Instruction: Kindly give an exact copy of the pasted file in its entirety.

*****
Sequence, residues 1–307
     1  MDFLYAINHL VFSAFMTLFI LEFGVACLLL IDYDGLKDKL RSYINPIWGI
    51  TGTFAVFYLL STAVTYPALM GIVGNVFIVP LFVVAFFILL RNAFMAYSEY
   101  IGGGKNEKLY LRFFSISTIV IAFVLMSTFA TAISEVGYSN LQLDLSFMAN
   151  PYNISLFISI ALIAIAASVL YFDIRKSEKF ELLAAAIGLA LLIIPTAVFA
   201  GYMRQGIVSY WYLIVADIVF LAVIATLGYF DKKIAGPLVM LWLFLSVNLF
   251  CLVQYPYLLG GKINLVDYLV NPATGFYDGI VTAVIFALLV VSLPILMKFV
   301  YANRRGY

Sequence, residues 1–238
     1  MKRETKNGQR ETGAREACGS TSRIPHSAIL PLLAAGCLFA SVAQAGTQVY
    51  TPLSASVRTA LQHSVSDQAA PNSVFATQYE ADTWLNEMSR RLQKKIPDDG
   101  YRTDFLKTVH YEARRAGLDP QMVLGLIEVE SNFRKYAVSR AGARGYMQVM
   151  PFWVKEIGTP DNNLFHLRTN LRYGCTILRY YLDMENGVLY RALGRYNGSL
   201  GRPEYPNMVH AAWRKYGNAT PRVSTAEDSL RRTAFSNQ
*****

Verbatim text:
Sequence, residues 1–307
     1  MDFLYAINHL VFSAFMTLFI LEFGVACLLL IDYDGLKDKL RSYINPIWGI
    51  TGTFAVFYLL STAVTYPALM GIVGNVFIVP LFVVAFFILL RNAFMAYSEY
   101  IGGGKNEKLY LRFFSISTIV IAFVLMSTFA TAISEVGYSN LQLDLSFMAN
   151  PYNISLFISI ALIAIAASVL YFDIRKSEKF ELLAAAIGLA LLIIPTAVFA
   201  GYMRQGIVSY WYLIVADIVF LAVIATLGYF DKKIAGPLVM LWLFLSVNLF
   251  CLVQYPYLLG GKINLVDYLV NPATGFYDGI VTAVIFALLV VSLPILMKFV
   301  YANRRGY

Sequence, residues 1–238
     1  MKRETKNGQR ETGAREACGS TSRIPHSAIL PLLAAGCLFA SVAQAGTQVY
    51  TPLSASVRTA LQHSVSDQAA PNSVFATQYE ADTWLNEMSR RLQKKIPDDG
   101  YRTDFLKTVH YEARRAGLDP QMVLGLIEVE SNFRKYAVSR AGARGYMQVM
   151  PFWVKEIGTP DNNLFHLRTN LRYGCTILRY YLDMENGVLY RALGRYNGSL
   201  GRPEYPNMVH AAWRKYGNAT PRVSTAEDSL RRTAFSNQ